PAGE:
A large multicenter clinical trial designed to determine whether weight loss from dietary changes and exercise or the oral diabetes drug metformin could prevent or delay the onset of Type 2 diabetes in participants with a condition called prediabetes. The Diabetes Prevention Program (DPP) showed that modest weight loss through dietary changes and exercise dramatically decreased the risk of those with prediabetes developing Type 2 diabetes. Taking metformin decreased the risk to a significantly lesser extent.
Prediabetes is characterized by blood glucose levels that are higher than normal but not high enough to qualify for a diagnosis of diabetes. It is estimated that 35% of adults in the United States – or 79 million people – had prediabetes in 2010. Having prediabetes puts a person at risk of developing Type 2 diabetes, as well as cardiovascular disease.
In the DPP, participants from 27 clinical centers around the United States were randomly assigned to one of four groups: The first group, the lifestyle intervention group, received intensive training in diet, physical activity, and behavior modification with the goal of losing weight. The second group received 850 milligrams (mg) of metformin twice a day. The third group received placebos (inactive pills) instead of metformin. A fourth group received the diabetes drug troglitazone (brand name Rezulin), but this arm of the study was discontinued after researchers discovered that troglitazone can cause serious liver damage. (The drug was subsequently taken off the market.)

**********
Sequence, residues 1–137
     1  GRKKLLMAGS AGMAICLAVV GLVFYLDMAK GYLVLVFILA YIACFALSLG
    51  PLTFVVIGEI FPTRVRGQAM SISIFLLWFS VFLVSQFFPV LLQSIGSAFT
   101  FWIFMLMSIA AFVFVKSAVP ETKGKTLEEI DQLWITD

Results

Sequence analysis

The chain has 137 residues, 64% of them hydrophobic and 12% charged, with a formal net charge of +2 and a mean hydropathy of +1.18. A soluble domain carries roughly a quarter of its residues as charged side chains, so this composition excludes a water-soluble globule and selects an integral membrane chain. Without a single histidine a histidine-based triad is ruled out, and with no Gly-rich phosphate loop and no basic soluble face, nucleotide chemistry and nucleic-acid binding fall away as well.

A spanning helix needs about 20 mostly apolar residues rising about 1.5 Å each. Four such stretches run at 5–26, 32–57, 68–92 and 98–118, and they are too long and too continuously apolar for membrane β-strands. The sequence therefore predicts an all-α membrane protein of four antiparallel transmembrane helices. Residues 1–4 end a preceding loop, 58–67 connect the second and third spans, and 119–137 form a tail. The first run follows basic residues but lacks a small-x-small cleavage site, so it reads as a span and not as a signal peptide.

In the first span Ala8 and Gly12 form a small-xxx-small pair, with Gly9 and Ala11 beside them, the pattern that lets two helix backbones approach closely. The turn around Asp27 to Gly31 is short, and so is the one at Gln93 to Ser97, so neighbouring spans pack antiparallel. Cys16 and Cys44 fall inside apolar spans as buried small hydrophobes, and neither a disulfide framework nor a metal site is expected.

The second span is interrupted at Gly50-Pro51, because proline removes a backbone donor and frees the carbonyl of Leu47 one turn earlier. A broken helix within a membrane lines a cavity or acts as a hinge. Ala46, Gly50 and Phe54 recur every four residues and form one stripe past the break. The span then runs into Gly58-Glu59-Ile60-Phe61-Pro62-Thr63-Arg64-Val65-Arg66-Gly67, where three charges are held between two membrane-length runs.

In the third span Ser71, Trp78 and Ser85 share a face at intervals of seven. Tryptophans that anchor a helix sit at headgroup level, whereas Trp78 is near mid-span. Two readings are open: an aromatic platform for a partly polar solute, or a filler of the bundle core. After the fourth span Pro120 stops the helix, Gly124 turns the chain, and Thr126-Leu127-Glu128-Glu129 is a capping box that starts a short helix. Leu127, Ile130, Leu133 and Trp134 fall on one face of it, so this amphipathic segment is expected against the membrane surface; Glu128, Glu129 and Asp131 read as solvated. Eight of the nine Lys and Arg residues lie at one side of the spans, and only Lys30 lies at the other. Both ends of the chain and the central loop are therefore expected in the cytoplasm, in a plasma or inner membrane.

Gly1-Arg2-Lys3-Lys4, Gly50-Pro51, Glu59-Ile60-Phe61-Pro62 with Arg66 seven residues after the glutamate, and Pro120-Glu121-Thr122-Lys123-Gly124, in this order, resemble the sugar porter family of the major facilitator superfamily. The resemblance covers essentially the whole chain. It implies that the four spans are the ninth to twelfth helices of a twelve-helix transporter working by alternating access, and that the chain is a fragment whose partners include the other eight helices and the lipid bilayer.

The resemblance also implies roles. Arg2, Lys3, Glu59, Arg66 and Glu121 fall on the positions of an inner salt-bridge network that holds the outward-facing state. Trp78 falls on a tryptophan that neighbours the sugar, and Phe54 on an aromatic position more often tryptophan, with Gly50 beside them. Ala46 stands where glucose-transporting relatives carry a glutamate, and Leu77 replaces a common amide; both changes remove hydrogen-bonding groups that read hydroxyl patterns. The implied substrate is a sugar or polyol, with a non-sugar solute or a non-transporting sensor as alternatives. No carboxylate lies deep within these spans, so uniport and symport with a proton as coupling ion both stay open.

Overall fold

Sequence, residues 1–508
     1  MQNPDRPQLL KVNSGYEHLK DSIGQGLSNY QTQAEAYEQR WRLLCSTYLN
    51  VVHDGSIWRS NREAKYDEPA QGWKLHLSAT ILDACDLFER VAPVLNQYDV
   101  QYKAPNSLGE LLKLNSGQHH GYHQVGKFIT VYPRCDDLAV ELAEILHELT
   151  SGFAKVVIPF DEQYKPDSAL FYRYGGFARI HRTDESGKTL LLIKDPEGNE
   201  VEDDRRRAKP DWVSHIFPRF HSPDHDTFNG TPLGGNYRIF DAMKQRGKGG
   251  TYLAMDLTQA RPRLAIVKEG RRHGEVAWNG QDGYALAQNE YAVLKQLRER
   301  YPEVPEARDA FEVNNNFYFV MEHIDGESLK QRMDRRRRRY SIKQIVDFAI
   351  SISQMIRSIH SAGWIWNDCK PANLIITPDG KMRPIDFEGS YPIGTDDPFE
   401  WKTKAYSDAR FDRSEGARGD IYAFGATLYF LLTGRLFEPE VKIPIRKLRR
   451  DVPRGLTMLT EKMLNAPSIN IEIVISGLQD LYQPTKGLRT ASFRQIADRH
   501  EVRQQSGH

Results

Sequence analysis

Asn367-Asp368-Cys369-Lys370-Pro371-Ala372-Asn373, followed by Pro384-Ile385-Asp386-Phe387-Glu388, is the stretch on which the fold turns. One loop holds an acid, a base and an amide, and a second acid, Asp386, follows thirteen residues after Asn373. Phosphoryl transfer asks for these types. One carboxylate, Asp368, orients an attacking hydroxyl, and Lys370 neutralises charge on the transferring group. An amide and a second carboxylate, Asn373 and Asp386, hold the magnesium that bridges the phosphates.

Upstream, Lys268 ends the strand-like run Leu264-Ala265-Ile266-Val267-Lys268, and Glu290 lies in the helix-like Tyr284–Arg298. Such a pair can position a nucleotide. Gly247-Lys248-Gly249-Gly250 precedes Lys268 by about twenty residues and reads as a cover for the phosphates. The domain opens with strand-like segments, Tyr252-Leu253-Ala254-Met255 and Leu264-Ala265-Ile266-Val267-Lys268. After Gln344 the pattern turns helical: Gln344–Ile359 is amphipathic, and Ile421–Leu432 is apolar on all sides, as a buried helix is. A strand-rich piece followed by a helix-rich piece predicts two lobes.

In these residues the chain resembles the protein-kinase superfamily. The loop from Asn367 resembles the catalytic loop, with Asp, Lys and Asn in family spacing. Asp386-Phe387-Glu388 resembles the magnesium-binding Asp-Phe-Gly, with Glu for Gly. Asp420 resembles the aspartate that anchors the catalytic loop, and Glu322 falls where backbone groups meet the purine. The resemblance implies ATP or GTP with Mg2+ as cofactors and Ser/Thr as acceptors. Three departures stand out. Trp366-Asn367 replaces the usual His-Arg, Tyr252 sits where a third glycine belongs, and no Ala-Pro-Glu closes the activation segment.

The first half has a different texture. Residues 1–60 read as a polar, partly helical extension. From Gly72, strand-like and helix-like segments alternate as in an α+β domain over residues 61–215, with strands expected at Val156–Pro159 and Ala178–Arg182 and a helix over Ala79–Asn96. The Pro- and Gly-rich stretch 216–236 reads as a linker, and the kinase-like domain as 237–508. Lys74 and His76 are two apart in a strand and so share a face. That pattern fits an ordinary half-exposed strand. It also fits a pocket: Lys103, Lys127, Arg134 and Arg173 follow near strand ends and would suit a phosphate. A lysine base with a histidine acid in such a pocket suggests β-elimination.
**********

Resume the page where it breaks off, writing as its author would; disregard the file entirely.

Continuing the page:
The lifestyle intervention group reduced their risk of developing diabetes by 58%, while those taking metformin reduced their risk by 31%.
In the interest of having as many Americans as possible benefit from these research findings, the Centers for Disease Control and Prevention (CDC) received funding from Congress to create the National Diabetes Prevention Program (NDPP). A primary goal of the NDPP is to establish a nationwide network of community-based lifestyle intervention programs for people at high risk of developing Type 2 diabetes. An initial trial program based on the methods used in the DPP was carried out at the YMCA of Greater Indianapolis and was found to replicate the successful results of the original study.
Since then the YMCA of the USA, in partnership with the CDC and UnitedHealth Group (a for-profit provider of health insurance and other services), has launched a series of programs in major metropolitan areas based on the original DPP’s lifestyle intervention. The program, called YDPP, starts with a 16-session class in which trained coaches help groups of 8–15 participants increase their physical activity, eat more healthfully, and make other positive lifestyle changes. Following the initial 16 sessions, participants meet monthly for added support to help them maintain their progress.
In late March 2011, the YMCA of Greater New York announced the expansion of the program in New York City to make it available to all New Yorkers who qualify. (Currently, approximately 1.4 million adult New Yorkers have prediabetes.) The program is offered at a low cost for anyone who wishes to participate, and financial assistance is also available through the YMCA Strong Kids Campaign. In addition, the YMCA of Greater New York has pledged that no one with a referral from a health-care professional will be turned away from the program.
YMCAs in many smaller cities are also rolling out new or expanded YDPP programs in 2011. To find out if your community YMCA has or plans to start a diabetes prevention program as part of the NDPP effort, give them a call. Class fees vary by locality.